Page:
P.M.: Well, it's obvious that you
are a Negro. Could you tell me what
your religion is?
Smith: Protestant.
P.M.: Denomination?
Smith: Baptist.
P.M.: (consulting a list): Oh dear.
The sociology department already
has its quota of black Baptists. Would
you consider changing your religion?
Smith: I'm afraid my wife would
object.
P.M.: Hmmm. Well, I see here that
you minored in history as an under-
graduate. Would you consider taking
an appointment in the history de-

you are a mathematician and a phys-
ical chemist. Is that correct?
Freihoff: Yes. You should have the
information right there. I've done
postgraduate work at both M.I.T. and
Cal Tech,
P.M.: I didn't realize that you
would be a woman, Doctor. Of course,
we don't ask for information that
would reveal your sex, race, creed,
or country of national origin in your
resume, in compliance with the 1964
Civil Rights Act, as interpreted by the
Supreme Court in Francescetti v.
Dow Chemical Corporation in 1974.
However, in accordance with our fair
hiring practices policy, I must say
that it is extremely fortunate that
you are a woman. Are you married?
Freihoff: Yes.

P.M.: Excellent, excellent. That
means I can fit you in as either of
German or British extraction. Reli-
gion?
Freihoff: Atheist.
P.M.: Uh, functional or tradition-
al? That is, were your parents also
atheist?
Freihoff: Yes, My grandparents
too, though they were nominally
Protestant.
P.M.: Then I'm afraid I won't be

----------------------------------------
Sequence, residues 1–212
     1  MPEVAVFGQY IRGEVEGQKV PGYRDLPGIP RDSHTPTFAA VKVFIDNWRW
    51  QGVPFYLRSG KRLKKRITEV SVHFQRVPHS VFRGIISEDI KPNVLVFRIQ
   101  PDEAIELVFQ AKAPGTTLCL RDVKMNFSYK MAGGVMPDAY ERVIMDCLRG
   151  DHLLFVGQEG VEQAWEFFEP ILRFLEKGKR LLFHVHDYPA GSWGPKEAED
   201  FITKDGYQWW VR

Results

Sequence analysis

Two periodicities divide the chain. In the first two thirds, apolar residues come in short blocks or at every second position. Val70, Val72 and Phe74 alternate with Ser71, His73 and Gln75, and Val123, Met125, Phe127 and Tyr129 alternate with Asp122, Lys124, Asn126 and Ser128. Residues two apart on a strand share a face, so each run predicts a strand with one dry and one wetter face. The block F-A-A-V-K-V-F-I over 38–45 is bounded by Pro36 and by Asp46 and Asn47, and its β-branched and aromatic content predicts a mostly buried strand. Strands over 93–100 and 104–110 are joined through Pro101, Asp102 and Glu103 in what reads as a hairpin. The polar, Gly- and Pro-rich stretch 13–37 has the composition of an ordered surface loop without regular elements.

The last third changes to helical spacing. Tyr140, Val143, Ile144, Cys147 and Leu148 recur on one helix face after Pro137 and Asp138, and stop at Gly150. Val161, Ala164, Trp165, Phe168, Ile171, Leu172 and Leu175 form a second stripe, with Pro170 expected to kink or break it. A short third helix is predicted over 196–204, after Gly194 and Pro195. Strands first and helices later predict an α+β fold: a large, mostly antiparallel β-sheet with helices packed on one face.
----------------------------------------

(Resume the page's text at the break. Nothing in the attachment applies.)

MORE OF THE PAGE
able to make a place for you, Dr.
Freihoff. Both the math and chem-
istry departments have as many
atheists as they can handle.
Freihoff: But neither department
has more than two or three, as fir
as I can tell.
P.M.: Yes, but you must realize

His secretary shows in the next ap-
plicant.)
P.M.: Miss Gonzales? Please be
seated.
Gonzales: Thank you.
P.M.: I understand that you are
applying for an instructorship in the
English department, Miss Gonzales.
I hope that you realize that it is ex-
tremely difficult for us to find any-
one who can fit into the English de-
partment at the predoctoral level.
When do you expect to finish your
thesis?
Gonzales: Not for another year at
least. I need the instructorship to
live on while I write it, or to enable
me to take the time off to write it
later. a
P.M.: I see. Well, we might as well
get right down to business. Could you

UCLA, I moved to England, and earn-
ed my Master's at Cambridge.
P.M.: Oh. (Consulting his files.) I
see. (A smile begins to come over his
face and he leafs through his lists
with growing enthusiasm.) I think I
may offer you the instructorship. Just
one more point, though it's relatively
unimportant. What is your religion?
Gonzales: Druid.
P.M.: What???
Gonzales: Druid. I picked it up at
Cambridge.
P.M.: Hmmm. Well, um . . . (con-
sults another list. His face falls>. I
am very sorry-truly " sorry-Miss
Gonzales, but there is already a Druid
in the philosophy department. I wish
there were some way to hire you, but
unless you could change your reli-

P.M.: That's very interesting.
You're the first white applicant we've
had for the black studies department
in some time. Could you tell me your
religion and country of national
origin?
Brown: Well, I'm a Methodist, but
as to country of national origin, I'm
not really sure. Ohio is about the best
I could come up with, but I'm only
basing that on the assumption that
my great-grandfather fought in an
Ohio regiment during the Civil War.
P.M.: Do you mean to tell me that
you are an old-stock native Amer-
ican, white, Anglo-Saxon, and Prot-
estant?
Brown: That's about it.
P.M.: I wish you had come to us
sooner. Almost every department in
*~hP ,,ini7',vr c, iG o'ring fr 'm~n of

i